2 MySpace girls draw house arrest

Tue, 11/13/2007 - 5:09pm
By: John Munford

Plea deal for Internet threats to shoot McIntosh students: Banned from school, no Internet or email use, 6 p.m. curfew after 30 days house arrest, but no extra jail time beyond 12 days

Two girls, ages 15 and 16, who admitted Friday to making threats on the Internet to shoot up McIntosh High School did not get any extra jail time beyond the 12 days they have already served, The Citizen has learned.

However, the girls will serve 30 days on house arrest and they will not be allowed to access the Internet or email during the entire time they’re on probation, among other restrictions imposed by the court, The Citizen has confirmed.

Although the threat was serious, police found no weapons that could be connected to either girl that might indicate such a plan was imminent at the time of their arrest.

District Attorney Scott Ballard said he could only talk about the outcome on one of the girls because the other’s case is not open to the public. That is because the latter had not yet been ruled delinquent in a previous case, The Citizen has been told.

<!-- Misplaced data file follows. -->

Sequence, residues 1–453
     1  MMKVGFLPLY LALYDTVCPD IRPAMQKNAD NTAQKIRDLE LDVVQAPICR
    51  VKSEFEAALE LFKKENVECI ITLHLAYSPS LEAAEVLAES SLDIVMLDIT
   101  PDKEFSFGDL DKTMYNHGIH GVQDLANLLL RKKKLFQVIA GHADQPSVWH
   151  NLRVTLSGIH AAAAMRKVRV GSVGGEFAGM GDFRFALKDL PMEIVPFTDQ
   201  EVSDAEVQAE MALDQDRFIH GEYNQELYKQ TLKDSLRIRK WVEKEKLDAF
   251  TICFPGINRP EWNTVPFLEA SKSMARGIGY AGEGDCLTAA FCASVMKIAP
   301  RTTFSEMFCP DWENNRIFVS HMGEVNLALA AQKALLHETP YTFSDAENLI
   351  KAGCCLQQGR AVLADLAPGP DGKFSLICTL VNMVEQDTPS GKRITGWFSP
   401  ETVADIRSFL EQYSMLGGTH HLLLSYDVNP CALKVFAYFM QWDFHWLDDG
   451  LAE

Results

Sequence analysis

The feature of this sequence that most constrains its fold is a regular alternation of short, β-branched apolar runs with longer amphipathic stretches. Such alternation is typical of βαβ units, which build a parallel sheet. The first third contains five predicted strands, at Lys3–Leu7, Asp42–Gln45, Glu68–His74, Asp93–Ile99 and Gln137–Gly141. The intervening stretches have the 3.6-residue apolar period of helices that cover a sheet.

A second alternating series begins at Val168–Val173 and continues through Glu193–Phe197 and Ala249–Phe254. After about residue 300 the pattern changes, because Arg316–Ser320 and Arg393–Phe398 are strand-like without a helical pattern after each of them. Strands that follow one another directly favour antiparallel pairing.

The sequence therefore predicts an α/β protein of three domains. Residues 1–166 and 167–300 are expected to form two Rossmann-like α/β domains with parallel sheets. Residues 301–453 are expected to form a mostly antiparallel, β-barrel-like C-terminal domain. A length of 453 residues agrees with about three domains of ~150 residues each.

The other girl, however, had previously been adjudicated delinquent and so a portion of her plea hearing Friday afternoon was open to the public. The Citizen is declining to name both girls because they are juveniles.

The Citizen has confirmed through other official sources that both girls will serve the same sentence.

In addition to the 30 days of house arrest, both girls will have to serve 50 hours of community service, may not set foot on the grounds of any public school without the court’s permission, and they cannot attend any extracurricular activities at McIntosh.

Also both girls have a 6 p.m. curfew unless they are with their parents and must follow the recommendations of their psychologists, and pay a $200 probation fee, according to the court ruling.

The girls’ parents were also issued an order by the court to immediately report any violation of the probation conditions. If they fail to do so and are caught, the parents could be cited for contempt of court.

One of the girls, on her own, wrote a letter of apology that will be shared with students at McIntosh per the court’s order, her attorneys said. The other has been ordered to pen an apology letter, and she also must stay away from a specific list of juveniles which the court has deemed to be bad influences on her, Ballard said.

Ballard’s office was unable to prosecute either of the teens as an adult because the offense of making terroristic threats, while a felony, is not considered one of the “seven deadly sins” that allow teens to be tried as adults.

The girls will remain on probation for an indefinite period of time and can only be taken off probation by the court; in no case can the probation last beyond two years according to Georgia law.

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